Her eyebrows both rise.
I can’t help snorting. “Yeah, it’s complicated. Don’t ask me. When it comes to Leo and his extended clan, I’m still trying to figure out how I got over my – our – paranoia about robots to room with one. And – call her my friend.”
She chuckles. “I hear you. I was sure for so long that Aria was a threat to me, that she was plotting to do away with me to save Leo, then to take him for herself. It took some very long discussions with her to correct my errors.”
“The Newmans do long discussions well,” I say, a slight smile. “Except maybe Otto. He’s more action than psychoanalysis.”
“Are you kidding?” she says, laughing out loud for the first time. “He and I did a solo road trip to Denver last March. He’s an amazing conversationalist, if you pick the right topics. And very insightful.”
Huh, I mused. Live and learn.
“He – he’s been a friend. Like Aria. Like Leo. Like --” Her mood pivots on a coin. “Like we never had growing up. And I still can’t figure out, figure out for sure, why.”
“Because Father was a paranoid tyrant?”
“No, that’s a given. No. Why they would bother wanting to be friend with us.”
I sigh. Are the demons easier to fight when their not in my own head? Because the things that Jason has told me, that Summer has told me, that never seem quite believable when I’m in that kind of funk, seem somewhat easier to say with conviction when talking to someone else. Even when that someone else is me.
I shake my head, cross my arms. “We were raised both to be the egotistical masters of the world, and to doubt our value and the validity of our convictions, by the same twisted man who suppressed any emotions that he considered a threat. Self-hatred comes easily to us because we were raised and taught by someone who hated us as individuals, no matter his official philosophy.”
I point at her. “You said you hate and envy me? Likewise. I hate you that you let Jason die.”
She goes pale. “I – no! I wouldn’t --”
“I know that, dammit! Hatred isn’t rational. I hate that you ‘let’ your Jason die. I hate you for saving Ivan and Gregor’s lives when I couldn’t. There’s no way to parse those together rationally, but it’s still true. And that’s because we were taught to hate ourselves for our failures. It’s part of what he did to us, and part of how he controlled us.” I pause, then add, “And I envy you, too.”
“I envy you that you found and built an emotional life with Leo, a relationship de novo, without a mutual childhood of abuse and neglect and violence coloring it.”
“Leo had some pretty dark --”
“I know, but you weren’t part of them. I’ve worried a lot since that day, since Jason and I started having a real, in-person, ongoing relationship, worried that it was pathological, unhealthy, the product of complementary bad histories – that we had grown up together in our abuse, and my only chance at something resembling happiness was with someone as warped and broken as me. That without that background, without the shared memories of our childhood, without his sympathy and pity and tolerance – without those, I could never have something happy and meaningful and real with someone else.”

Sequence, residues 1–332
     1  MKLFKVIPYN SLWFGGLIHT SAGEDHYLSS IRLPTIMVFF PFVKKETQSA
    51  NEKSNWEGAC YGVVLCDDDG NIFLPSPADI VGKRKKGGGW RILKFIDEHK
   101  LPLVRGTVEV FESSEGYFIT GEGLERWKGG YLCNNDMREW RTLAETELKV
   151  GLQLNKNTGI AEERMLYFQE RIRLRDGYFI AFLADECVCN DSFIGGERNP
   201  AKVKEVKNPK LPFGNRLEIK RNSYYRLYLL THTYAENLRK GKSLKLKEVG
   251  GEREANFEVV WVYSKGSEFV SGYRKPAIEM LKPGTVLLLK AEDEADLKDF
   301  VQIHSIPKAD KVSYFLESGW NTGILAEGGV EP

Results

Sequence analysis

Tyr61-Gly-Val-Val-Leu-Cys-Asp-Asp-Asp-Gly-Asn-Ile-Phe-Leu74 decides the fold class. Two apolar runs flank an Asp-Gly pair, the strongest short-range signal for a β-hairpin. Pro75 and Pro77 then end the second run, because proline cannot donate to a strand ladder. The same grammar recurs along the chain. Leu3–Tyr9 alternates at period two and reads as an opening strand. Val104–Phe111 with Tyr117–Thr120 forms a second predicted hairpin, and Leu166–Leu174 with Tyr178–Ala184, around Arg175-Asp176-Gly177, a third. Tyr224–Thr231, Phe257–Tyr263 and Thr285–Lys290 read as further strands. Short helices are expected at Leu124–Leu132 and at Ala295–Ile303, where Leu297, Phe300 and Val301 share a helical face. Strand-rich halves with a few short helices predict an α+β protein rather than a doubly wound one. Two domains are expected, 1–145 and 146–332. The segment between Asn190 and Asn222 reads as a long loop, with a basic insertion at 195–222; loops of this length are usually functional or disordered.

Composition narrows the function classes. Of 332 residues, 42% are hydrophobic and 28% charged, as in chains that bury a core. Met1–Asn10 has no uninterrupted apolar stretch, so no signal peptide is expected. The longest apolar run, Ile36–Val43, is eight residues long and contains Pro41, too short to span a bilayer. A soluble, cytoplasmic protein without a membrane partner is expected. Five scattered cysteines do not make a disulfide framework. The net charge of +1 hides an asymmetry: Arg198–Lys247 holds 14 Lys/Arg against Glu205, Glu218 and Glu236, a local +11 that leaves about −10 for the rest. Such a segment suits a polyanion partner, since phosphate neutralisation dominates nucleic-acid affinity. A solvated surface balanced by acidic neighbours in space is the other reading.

I point at her again. “But your experience belies the self-hatred that lies under that envy. It tells me in a way that no other wisdom could do, that no all-nighter wailing and gnashing my teeth to Summer and getting counsel and ice cream in return could counter. You are me. You are proof my fear, my self-hatred, at least to that extent, is false.”
She stares at me for a long, hard moment, then bows her head. “I never thought of it that way.”
“You were trained not to. But you still broke out of it, proved the programming was false.”
“So did you. In your own way.”
She gets it. I nod. “Together, we prove a point. He didn’t break us. Bent us, a bit, but not beyond straighening out, smoothing the creases.” I shake my head, trying to figure out if I’m angry, elated, sad, or ecstatic. "We’re worthy of Jason. We’re worthy of Leo. We’re worthy of Summer and Aria and all the rest. We’re worthy."
She takes a halting step closer. “Why can’t I feel that way?”
“It’s not just about feelings. It’s about will. And facts. And actions. We can turn our lives around. We have. We can help others – or try to. We can show we are worthy of the sacrifices, and love, that others have given us.”
She takes another step, bowing her head, stopping so close I could reach out and hug her. And I know that’s not an intimacy she wants.
Instead, I put my hand on her shoulder. She raises her face, wet with tears. "I miss him so much." She lowers her face again, cries silently.
“I know. But he gave his life for you, in desperation or not. Your life is the expression of his love. Act worthy of that, and you are worthy.”
We stand that way for a few long minutes, unspeaking, until she sniffs, slowly straightens up, wipes away the tears.
“I have a million questions I want to ask,” she says, voice soft and steady, “but that would probably be indulgent and unhealthy and unhelpful.”
“Probably. So ask one. Something random and trivial.”
A slight smile. “Do you remember the Antarctic?”
“Of course. That – thing he did then. When he was sleeping. Afterwards.” A sly raise of the eyebrow. “Does he still --?”
I bark out a laugh. “Worse than ever. And denies it totally.”
“Ha!” She laughs then, which is nice to see. Though, do I really show that many teeth when I laugh?. She goes on. “Leo is, if anything, worse. He --”
I hold up a hand. “That is intelligence I do not need, and never anticipate requiring.”
We both laugh, which is even nicer.
“Are we good?”
“I think so.”
“Do we need to figure a way to stay in touch across the dimensional barriers when this is over?”
“That – might be – pleasant. Odd, but pleasant.”